Table of Contents for Pygame Book
The following is a list of the chapter titles for Beginning Game Development with Python and Pygame, and a brief explanation of the contents.
Any questions about the book contents, let me know!
- Introducing Python
Introduction to basic Python.
- Exploring Python
Goes a little deeper in to Python, covers Classes.
- Introducing Pygame
Explains how import and use Pygame.
- Creating Visuals
Covers different ways of drawing to the screen.
- Making Things Move
Explains animation, vectors and time-based movement.
- Accepting User Input
Covers how to read input devices and connect them to in-game motion.
- Take Me to Your Leader
Covers artificial intelligence.
- Moving into the Third Dimension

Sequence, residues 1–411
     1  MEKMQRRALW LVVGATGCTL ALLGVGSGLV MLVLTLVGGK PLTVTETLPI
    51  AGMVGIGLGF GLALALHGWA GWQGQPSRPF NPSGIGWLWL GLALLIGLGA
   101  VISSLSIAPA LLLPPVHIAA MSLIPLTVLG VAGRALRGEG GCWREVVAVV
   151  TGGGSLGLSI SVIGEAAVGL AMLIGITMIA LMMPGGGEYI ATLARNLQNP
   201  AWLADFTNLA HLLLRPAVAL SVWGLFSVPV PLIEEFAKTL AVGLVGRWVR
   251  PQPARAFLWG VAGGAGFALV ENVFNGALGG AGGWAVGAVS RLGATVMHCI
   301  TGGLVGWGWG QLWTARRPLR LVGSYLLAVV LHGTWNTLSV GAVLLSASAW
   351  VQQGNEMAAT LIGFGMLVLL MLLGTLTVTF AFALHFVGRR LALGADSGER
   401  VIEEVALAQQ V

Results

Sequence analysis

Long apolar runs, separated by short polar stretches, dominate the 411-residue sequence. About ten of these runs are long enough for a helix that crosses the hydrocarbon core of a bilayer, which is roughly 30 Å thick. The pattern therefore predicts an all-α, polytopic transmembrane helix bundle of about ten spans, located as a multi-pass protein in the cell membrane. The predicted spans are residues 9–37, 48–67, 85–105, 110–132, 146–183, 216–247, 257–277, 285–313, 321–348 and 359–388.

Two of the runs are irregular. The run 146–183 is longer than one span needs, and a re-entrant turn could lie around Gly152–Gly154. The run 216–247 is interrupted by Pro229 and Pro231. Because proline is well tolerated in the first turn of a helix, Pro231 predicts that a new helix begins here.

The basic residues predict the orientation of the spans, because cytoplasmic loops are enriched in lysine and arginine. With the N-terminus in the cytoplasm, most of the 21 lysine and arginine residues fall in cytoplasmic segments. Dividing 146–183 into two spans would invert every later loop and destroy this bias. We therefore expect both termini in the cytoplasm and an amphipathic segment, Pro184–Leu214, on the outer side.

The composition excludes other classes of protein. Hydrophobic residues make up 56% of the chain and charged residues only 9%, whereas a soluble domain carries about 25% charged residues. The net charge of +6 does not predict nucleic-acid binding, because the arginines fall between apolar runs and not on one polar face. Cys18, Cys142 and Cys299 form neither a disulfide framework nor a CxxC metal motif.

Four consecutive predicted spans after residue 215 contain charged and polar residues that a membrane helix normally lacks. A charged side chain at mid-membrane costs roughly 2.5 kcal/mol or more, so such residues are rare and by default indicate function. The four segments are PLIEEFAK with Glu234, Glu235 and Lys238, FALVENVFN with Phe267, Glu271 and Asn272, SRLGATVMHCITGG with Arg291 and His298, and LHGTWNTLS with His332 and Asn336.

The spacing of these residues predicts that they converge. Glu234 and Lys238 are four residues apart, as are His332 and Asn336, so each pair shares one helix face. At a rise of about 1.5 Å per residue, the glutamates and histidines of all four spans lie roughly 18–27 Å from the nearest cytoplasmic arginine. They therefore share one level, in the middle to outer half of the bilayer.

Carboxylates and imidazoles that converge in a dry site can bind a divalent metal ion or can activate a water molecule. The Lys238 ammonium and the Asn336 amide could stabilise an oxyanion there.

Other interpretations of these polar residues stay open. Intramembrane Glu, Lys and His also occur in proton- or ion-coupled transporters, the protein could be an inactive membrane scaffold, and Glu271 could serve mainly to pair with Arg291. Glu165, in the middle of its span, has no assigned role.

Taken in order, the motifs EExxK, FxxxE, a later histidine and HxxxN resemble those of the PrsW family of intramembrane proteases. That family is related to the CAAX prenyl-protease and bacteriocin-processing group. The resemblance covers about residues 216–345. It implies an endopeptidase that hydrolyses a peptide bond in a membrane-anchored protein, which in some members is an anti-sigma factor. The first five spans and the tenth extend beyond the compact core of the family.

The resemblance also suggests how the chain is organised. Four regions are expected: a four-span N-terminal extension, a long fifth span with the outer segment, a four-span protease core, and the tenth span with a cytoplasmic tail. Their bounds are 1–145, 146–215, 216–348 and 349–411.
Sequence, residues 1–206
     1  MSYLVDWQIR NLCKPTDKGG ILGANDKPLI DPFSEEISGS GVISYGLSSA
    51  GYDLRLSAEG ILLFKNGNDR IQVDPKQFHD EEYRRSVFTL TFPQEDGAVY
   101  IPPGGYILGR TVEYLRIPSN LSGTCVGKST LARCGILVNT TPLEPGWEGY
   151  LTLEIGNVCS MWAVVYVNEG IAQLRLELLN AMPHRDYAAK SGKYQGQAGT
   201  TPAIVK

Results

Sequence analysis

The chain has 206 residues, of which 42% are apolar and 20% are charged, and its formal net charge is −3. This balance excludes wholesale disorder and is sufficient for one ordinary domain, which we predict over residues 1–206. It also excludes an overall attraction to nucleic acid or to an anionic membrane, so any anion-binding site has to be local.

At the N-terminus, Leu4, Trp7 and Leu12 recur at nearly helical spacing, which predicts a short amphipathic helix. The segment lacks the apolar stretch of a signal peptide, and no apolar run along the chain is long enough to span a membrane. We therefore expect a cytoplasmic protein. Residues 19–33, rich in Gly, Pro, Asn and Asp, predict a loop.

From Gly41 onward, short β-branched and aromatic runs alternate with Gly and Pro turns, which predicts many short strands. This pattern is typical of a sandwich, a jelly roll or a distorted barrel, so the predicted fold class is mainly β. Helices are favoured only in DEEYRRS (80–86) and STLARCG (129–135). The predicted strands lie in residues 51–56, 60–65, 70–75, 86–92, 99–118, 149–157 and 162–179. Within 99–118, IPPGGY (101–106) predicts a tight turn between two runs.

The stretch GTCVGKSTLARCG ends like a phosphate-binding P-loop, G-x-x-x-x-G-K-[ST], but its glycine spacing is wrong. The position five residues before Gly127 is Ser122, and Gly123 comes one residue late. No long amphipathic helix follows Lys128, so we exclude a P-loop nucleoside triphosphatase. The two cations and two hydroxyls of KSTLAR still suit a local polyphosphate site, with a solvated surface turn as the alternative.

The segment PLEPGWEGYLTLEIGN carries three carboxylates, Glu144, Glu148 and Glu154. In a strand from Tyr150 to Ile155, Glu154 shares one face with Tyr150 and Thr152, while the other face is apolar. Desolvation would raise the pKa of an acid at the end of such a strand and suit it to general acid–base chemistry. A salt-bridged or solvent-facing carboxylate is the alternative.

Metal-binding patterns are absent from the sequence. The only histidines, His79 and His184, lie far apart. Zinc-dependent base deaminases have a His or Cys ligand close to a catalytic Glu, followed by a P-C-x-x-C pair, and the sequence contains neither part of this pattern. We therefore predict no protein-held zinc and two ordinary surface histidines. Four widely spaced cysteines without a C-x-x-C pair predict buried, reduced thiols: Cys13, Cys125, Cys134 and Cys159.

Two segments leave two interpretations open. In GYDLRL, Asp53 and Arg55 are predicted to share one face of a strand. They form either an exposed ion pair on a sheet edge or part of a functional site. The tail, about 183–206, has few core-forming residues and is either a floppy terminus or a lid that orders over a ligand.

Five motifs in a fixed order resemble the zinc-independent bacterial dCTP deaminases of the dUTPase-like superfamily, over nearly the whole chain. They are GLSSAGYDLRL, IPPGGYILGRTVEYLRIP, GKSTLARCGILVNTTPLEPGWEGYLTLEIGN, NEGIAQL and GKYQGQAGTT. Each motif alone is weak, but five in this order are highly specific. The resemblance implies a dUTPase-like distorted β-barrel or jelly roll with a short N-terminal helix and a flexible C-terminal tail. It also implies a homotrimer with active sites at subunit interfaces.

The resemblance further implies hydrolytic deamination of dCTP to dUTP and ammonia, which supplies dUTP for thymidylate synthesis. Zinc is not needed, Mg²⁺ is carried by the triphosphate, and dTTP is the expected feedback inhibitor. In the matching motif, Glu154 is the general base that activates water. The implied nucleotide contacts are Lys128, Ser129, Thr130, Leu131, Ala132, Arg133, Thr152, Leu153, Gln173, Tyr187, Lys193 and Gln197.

Explains the basic 3D concepts, with samples.
- Exploring the Third Dimension
Covers 3D maths and introduces OpenGL.
- Making Things Go Boom
Sound and Music.
- Lights, Camera, Action!
Covers textures and reading 3D models from files.
- Setting the Scene with OpenGL
Covers lighting, blending, fog and other OpenGL features.
- A. GameObjects Reference
- B. How to package Pygame games
I am the Editor-In-Chief of "The Python Papers". I'd love to include something covering your book in our next issue. If you'd be interested in contributing a little content, I'd love to give you some air-time.
Contact me at email@example.com if you are interested.
Very exciting stuff!